Perspective and Reaction

Why do so many liberals seem to overreact to events? Perhaps the basic difference in our worldviews hold the answer.

One of the many inherent benefits of conservatism is that, with an emphasis on heritage and tradition, a healthy respect for historical perspective comes automatically built in. Conservatives don’t overreact because we’re wired to play the long game. We base our lives on eternal verities and look for permanent solutions.

Progressive liberals, on the other hand, living in a state of constant flux dedicated only to the obvious here-and-now, have no such frame of reference. When all of world history is merely a monolithic march of one-dimensional oppression, then of course your more “enlightened” views make this era (and you yourself) the most important thing that has ever happened. Therefore, every trendy new issue becomes cosmically crucial.

Every loss becomes the most catastrophic tragedy ever, because as far as your values recognize, today’s event is the only thing that has ever even happened. All dissent becomes a profound personal insult, demanding retaliation of the highest order.

Their cultic obsession with their own myopia defines who they are, and cripples any chance they have of acting rationally in a civilized world.

Just once, I’d like to see a liberal react to an event with a nonchalant shrug and say, “Minor setback. Not a big deal.”

One comment on “Perspective and Reaction

  1. I’m enjoying your blog. Just found it. I especially appreciated your ranking of the Shakespeare plays.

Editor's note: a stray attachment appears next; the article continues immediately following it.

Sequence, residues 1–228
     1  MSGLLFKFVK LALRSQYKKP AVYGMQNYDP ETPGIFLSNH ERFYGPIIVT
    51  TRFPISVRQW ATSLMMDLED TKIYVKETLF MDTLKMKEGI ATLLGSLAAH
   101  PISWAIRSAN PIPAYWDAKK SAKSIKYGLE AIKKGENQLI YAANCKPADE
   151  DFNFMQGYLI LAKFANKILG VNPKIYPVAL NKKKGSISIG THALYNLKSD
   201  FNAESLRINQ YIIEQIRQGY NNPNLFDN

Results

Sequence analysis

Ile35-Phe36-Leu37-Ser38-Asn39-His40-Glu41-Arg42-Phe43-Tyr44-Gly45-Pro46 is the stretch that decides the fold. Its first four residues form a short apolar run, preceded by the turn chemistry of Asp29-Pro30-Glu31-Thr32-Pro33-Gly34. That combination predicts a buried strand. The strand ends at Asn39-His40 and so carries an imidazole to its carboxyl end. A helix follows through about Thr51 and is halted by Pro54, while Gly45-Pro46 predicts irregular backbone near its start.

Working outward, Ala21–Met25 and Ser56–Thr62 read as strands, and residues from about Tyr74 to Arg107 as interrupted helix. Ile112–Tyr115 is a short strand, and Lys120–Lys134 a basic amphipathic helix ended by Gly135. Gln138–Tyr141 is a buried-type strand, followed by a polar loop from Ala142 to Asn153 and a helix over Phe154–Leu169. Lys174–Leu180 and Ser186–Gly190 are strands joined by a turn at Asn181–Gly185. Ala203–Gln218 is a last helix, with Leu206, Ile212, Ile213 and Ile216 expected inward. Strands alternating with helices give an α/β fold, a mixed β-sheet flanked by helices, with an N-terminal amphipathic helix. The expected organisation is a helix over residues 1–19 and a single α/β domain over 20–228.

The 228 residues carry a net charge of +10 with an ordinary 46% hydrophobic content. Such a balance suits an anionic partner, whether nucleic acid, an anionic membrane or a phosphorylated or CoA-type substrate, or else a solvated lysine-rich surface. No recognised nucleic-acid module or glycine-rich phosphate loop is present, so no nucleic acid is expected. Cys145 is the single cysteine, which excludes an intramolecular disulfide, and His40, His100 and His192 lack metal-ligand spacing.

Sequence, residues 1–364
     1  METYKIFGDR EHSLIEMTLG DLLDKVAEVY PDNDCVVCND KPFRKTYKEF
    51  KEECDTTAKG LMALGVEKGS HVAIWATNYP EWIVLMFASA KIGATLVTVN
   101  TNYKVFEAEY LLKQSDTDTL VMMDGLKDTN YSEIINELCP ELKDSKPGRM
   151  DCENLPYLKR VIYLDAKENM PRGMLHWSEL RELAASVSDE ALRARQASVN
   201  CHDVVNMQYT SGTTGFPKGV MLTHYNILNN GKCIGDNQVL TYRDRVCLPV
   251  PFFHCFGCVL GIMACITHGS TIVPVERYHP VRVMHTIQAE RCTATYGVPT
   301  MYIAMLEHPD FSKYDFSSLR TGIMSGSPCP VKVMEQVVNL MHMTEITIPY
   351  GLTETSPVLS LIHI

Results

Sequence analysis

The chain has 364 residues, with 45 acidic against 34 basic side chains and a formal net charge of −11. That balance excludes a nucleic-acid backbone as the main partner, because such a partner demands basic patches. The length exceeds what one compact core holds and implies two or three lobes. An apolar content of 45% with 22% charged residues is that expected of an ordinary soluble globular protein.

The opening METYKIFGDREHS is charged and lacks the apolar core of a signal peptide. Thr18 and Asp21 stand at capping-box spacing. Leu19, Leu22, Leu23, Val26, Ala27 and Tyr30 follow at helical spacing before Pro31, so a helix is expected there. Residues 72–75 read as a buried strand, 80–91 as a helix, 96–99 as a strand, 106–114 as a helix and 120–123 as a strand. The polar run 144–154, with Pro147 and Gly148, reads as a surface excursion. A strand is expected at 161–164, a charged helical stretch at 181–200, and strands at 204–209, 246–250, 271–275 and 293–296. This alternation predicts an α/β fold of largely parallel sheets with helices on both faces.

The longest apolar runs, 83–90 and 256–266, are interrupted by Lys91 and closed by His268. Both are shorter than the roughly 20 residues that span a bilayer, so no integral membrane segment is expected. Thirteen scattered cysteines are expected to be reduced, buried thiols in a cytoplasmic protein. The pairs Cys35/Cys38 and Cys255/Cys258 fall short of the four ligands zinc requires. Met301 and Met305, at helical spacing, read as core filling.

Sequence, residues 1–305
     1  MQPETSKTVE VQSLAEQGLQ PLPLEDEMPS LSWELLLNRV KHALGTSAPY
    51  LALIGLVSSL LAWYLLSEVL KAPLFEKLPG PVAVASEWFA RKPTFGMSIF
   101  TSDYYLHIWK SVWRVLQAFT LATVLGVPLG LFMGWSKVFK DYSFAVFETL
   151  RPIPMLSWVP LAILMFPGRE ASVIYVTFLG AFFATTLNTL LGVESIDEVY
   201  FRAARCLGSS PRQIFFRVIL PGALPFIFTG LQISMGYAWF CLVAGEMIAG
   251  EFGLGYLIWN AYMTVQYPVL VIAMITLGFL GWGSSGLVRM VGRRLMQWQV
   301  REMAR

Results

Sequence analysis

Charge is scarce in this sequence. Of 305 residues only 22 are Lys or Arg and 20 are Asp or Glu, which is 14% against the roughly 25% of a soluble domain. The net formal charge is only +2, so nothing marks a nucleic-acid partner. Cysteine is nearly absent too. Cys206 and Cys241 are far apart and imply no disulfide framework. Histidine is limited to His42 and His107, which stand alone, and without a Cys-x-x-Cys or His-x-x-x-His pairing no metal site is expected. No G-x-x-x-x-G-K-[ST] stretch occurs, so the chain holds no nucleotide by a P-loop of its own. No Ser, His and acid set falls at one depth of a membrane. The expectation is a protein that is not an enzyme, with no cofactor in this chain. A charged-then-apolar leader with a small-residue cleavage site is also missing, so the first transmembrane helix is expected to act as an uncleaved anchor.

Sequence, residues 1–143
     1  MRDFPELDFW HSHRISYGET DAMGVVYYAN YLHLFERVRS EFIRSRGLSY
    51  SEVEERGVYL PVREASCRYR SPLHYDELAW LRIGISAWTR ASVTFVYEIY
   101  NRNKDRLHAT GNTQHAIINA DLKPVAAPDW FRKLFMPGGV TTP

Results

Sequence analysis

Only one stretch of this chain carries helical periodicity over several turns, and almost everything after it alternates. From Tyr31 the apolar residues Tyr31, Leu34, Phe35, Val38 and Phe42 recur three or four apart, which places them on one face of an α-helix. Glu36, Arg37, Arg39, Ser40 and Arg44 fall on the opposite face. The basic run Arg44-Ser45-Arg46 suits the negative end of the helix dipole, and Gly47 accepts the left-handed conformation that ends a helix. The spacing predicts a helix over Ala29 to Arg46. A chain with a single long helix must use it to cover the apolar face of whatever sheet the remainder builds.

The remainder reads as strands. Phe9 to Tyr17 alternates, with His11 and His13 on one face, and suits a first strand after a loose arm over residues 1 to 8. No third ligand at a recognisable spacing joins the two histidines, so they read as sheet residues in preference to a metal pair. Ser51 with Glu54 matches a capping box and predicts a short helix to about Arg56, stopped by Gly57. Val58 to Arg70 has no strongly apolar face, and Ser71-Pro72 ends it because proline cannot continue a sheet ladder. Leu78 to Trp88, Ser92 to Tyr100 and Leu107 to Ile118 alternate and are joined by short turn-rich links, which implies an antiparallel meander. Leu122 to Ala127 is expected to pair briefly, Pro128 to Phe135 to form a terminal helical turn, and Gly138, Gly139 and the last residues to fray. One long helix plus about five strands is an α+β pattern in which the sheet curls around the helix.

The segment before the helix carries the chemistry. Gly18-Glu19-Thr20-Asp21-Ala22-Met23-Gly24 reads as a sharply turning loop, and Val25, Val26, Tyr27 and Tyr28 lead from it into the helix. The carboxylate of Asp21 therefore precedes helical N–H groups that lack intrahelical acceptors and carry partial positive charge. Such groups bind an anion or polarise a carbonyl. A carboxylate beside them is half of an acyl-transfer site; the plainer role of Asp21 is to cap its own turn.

I have to say I find the comment here kind of puzzling, though. If we’re thinking about the way people react to our political leadership, those perceptions have been getting farther and farther “out there” for the past couple decades. It’s part of our dramatically polarizing politics.

    It’s hard to underestimate the level of contempt the conservative base felt for President Obama. But that’s just among the most recent of this pattern. Bill Clinton was *hated* by a large chunk of the right. George W. Bush was *hated* by the left. Then the same occurred for Obama, and now Trump, in succession.

    My perception of the conservative movement is that it’s moved from William F. Buckley and Barry Goldwater types — who were ideological and principled, but concerned about the paranoid John Birch types in their midst and vocal about it … to a Tea Party reaction to Obama that pulled that paranoia into the party base. Our new president launched his political career on “birther” theories about Obama. He understood how to reach the base conservative voter, such as he is today.

    Think for a moment about the Republican convention from this election year. It sure looked to me like the biggest “overreaction” in recent political history. One of the strongest (if not *the* strongest) themes was “lock her up”. We never heard those words at a convention before — one party vowing to put the nominee from the other party in jail. Indeed, we haven’t heard it beyond the borders of some shaky foreign governments.

    I wish conservatives fit your description. I think maybe they did a few decades ago when the movement was more intellectual and measures … less angry and paranoid.

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